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Forever Green Athletic Fields, Inc. v. Babcock Law Firm, LLC

United States District Court, M.D. Louisiana

December 10, 2014



JAMES J. BRADY, District Judge.

This matter is before the Court on five motions for summary judgment filed by the defendants, Babcock Law Firm, LLC, Stephen Babcock, APLC, Timothy Stephen Babcock, and Babcock Partners, LLC (collectively "Babcock"). (Docs. 87, 99, 104, 106, and 107). Plaintiffs Forever Green Athletic Fields, Inc. (Forever Green), Keith Day (Day), and David Ripka (Ripka) filed oppositions to each motion (Docs. 112, 113, 122, 123, and 124), and defendants replied (Docs. 121, 119, 132, 133, and 134) to each opposition. The defendants also filed a Motion for Rule 37(b) sanctions. (Doc. 137). Oral argument is not necessary.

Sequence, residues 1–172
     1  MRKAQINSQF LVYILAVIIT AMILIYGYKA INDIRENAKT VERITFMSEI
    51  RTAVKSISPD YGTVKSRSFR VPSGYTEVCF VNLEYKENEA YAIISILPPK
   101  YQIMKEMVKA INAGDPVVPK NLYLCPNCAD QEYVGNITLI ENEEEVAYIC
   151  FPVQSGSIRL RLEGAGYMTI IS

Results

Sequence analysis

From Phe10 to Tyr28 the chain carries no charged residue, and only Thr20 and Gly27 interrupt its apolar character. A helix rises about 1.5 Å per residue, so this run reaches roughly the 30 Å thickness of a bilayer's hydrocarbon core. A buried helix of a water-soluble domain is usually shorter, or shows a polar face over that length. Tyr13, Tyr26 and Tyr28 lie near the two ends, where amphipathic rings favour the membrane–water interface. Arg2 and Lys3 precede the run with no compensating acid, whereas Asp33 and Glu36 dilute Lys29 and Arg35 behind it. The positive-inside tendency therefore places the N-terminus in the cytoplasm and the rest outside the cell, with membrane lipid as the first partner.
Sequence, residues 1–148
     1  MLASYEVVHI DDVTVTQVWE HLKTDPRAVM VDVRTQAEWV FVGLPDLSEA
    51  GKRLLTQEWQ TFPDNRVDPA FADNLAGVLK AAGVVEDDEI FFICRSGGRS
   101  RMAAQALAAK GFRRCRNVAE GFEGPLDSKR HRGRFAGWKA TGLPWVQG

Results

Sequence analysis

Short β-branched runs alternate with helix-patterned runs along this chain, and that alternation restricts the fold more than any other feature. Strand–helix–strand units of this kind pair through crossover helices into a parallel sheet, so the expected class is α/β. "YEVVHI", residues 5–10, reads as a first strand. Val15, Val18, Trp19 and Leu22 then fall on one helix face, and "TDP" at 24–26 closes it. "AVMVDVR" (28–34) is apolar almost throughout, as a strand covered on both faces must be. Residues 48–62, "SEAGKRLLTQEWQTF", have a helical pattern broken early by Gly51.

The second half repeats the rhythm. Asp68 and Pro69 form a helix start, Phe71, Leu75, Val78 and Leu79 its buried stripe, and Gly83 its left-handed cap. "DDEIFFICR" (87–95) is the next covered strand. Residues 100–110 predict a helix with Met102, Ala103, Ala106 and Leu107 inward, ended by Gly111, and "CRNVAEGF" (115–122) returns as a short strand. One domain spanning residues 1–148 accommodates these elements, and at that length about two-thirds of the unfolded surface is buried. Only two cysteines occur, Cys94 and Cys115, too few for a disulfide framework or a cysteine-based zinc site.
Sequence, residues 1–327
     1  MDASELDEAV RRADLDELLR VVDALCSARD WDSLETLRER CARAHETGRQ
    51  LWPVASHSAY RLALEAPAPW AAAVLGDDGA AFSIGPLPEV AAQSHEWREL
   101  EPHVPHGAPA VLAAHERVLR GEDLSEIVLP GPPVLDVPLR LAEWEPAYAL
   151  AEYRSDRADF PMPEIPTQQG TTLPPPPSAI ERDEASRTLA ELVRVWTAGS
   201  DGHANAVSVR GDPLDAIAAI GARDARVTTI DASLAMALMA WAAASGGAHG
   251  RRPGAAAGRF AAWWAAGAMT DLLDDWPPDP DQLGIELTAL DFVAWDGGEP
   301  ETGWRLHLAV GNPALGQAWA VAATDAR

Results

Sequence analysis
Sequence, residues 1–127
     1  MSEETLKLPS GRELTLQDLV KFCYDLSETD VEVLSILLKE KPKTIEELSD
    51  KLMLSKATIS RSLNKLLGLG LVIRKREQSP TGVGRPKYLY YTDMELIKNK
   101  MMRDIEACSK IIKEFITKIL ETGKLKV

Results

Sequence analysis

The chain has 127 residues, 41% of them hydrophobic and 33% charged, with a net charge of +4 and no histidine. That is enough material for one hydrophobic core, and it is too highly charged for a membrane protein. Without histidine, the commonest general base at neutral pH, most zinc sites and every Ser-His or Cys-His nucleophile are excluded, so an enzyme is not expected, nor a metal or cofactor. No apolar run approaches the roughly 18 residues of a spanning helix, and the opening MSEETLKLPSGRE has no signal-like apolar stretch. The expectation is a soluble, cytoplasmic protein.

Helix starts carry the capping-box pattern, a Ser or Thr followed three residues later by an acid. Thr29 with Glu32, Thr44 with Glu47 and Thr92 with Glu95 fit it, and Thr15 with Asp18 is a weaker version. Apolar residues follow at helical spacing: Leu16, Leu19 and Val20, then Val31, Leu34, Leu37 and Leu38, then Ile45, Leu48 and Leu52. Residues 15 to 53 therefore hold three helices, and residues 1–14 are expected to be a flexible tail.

The following facts are not in dispute. In 2005, Forever Green, a corporation owned by Day and Ripka, was sued by Kelli and Charles Dawson under various contract theories; Day and Ripka were named personally under tort theories. The Dawsons voluntarily dismissed their suit before filing again over a year later in September 2006. Forever Green and the individual plaintiffs, Day and Ripka, had out-of-state counsel, William Tobolsky (Tobolsky), but no in-state counsel, so the three hired Babcock. Babcock represented Forever Green, Day, and Ripka in the first suit and the second suit until he and his firm withdrew in May 2009. During the representation, Babock and the Plaintiffs had a contentious relationship, both personally and financially. The Plaintiffs inquired about Babcock's strategy multiple times, and by the time the relationship ended, did not trust him. After Babcock, the plaintiffs hired Eric Miller (Miller), another Louisiana attorney. Miller withdrew from the Dawson matter as well, leading to the involvement of the third attorney, Chris Alexander (Alexander), who defended the case until its conclusion. The second Dawson case had different outcomes for Forever Green and the individual defendants. Forever Green, before the trial, confessed judgment, but Day and Ripka filed an exception of prescription. Alexander was the first attorney to raise this defense on their behalf, and though the trial judge took it under advisement and conducted the entire trial, he ultimately dismissed the claims against the individual defendants as prescribed. The prescription defense existed from the beginning of the second Dawson case, prompting Day, Ripka, and Forever Green to pursue remedies for legal malpractice. Though the plaintiffs initially made demands on both Babcock and Miller for failing to raise the prescription defense, they only filed suit against Babcock.